Young people and anti-social behaviour

Authored by: Alan France

Routledge Handbook of Youth and Young Adulthood

Print publication date:  September  2016
Online publication date:  October  2016

Print ISBN: 9781138804357
eBook ISBN: 9781315753058
Adobe ISBN: 9781317619895

10.4324/9781315753058.ch49

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Abstract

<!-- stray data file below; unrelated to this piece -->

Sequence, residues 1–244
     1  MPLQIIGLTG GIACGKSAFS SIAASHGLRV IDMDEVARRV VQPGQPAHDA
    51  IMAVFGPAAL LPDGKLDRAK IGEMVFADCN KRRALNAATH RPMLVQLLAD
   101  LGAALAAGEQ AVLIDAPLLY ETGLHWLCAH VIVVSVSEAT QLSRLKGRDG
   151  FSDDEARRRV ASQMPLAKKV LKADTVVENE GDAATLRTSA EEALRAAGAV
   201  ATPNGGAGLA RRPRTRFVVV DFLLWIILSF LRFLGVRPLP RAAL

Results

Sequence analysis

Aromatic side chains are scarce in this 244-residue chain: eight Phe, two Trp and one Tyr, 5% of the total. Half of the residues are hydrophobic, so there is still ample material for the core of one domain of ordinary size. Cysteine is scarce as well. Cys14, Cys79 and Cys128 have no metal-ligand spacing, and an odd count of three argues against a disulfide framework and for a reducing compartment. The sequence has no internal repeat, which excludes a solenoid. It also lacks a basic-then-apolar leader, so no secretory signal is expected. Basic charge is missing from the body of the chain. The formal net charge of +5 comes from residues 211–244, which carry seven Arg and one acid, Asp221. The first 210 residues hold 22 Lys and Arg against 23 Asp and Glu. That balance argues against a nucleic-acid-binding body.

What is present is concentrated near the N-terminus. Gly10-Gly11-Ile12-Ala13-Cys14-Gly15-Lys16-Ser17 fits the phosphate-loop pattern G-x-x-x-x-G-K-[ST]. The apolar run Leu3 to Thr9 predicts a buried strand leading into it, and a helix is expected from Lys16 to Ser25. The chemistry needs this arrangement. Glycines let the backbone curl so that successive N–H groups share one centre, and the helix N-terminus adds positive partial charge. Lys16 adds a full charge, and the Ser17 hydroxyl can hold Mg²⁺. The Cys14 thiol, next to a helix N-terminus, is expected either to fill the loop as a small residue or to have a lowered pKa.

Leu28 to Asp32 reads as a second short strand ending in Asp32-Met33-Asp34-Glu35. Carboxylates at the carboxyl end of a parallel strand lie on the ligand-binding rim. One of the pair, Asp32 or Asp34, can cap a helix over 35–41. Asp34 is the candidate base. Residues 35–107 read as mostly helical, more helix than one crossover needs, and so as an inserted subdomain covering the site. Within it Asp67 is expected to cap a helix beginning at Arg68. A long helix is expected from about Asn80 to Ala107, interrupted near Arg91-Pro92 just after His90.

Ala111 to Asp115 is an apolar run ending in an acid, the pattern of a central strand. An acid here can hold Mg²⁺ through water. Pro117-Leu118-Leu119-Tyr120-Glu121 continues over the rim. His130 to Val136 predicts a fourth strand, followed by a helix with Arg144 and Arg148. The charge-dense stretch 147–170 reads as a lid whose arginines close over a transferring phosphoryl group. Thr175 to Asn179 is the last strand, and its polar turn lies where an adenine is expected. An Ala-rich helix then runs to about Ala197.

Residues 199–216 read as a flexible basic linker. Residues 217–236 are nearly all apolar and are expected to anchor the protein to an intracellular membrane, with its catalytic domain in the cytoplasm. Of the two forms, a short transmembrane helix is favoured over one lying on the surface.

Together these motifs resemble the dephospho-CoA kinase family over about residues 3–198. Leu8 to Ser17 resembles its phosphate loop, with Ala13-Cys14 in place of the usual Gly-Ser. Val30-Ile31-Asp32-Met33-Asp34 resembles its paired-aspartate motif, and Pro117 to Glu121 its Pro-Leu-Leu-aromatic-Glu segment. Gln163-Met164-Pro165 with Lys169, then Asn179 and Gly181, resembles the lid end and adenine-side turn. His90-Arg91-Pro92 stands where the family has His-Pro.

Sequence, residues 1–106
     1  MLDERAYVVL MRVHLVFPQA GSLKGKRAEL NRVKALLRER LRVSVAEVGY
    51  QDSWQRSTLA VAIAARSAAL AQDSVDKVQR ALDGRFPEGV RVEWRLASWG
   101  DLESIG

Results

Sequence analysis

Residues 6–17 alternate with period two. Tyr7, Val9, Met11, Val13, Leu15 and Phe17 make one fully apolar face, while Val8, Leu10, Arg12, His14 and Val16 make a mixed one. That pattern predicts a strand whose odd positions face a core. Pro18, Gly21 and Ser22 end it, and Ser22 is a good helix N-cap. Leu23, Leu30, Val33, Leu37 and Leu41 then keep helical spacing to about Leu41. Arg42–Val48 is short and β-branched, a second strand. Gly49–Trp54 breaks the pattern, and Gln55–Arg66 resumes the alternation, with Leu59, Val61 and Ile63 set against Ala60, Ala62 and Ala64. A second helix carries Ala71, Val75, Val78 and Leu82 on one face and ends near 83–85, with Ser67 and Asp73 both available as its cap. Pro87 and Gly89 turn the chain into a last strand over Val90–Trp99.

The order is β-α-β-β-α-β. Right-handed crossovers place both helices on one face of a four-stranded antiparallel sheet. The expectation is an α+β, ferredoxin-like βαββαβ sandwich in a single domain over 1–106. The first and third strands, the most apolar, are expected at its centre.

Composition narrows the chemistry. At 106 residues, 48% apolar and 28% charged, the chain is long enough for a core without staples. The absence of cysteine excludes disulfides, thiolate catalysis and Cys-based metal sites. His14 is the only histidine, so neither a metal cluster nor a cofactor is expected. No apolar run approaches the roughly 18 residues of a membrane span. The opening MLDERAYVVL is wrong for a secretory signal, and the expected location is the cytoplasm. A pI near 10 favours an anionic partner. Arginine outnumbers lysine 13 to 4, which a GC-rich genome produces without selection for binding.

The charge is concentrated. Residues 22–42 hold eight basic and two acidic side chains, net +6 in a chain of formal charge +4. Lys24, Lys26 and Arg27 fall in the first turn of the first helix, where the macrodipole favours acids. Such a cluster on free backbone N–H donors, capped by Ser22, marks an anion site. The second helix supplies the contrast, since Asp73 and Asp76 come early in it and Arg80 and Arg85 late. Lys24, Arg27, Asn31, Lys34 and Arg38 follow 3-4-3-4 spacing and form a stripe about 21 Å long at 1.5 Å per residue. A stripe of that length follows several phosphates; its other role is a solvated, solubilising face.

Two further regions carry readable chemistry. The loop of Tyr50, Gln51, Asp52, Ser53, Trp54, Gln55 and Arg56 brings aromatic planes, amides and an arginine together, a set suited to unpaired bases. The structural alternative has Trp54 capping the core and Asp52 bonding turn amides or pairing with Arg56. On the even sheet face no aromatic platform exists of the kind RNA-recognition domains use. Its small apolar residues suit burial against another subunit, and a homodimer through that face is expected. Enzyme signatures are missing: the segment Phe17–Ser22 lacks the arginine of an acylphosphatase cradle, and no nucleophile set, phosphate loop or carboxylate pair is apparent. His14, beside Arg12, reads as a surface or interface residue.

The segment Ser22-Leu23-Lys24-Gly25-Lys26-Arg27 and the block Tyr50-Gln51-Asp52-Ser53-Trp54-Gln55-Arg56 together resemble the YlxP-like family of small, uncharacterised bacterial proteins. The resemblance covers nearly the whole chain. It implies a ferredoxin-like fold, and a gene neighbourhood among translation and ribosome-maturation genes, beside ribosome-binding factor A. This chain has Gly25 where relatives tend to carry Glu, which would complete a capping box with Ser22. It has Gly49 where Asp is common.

The language of anti-social behaviour has strong relationships to developments in the United Kingdom although its theoretical and empirical roots are from the United States of America (Millie et al. 2005). Within other western and developed nations the concept of anti-social behaviour is not a common part of academic or political language. For example, we do not see it discussed in public or policy debates in any substantial manner in the European Union, Australia or even the USA. This being said concerns about behaviour, which is now being seen in the UK context as anti-social, such as, ‘incivilities’ and ‘minor’ forms of misbehaviour within community settings, has a long history in US criminology and has recently infiltrated policy developments in some European nations (Burney 2005). The policy concept of anti-social behaviour though, is fundamentally a British phenomenon and a concept used to explain and define certain types of behaviour as criminal or deviant. There is also much uncertainty about what it means and how it can be defined (and measured) and much discussion over how anti-social behaviour is constructed around ‘commonsense’ understandings. For example, the UK government has continually claimed that we all understand what it is, even though a definition is hard to find. It tends therefore to be assumed that there is a consensus over its meaning, while in reality no such agreement exists (Millie et al. 2005). It is also worth acknowledging that anti-social behaviour is not necessarily defined as just a ‘youthful activity’. In fact, its history is linked more to criminological debates on neighbourhood decline in the USA. This tends to see youth criminal behaviour as only one of many indicators of social decline. But in the UK context anti-social behaviour has, over the past ten years, been more synonymous with problematic youthful activity in local neighbourhoods. It has also been used by both the media and government as a way of focusing attention on young people’s relationships, not only with their communities but also as a symbol of a decline in ‘respect’ and an indicator of their lack of interest in making a positive contribution to society (France 2007).

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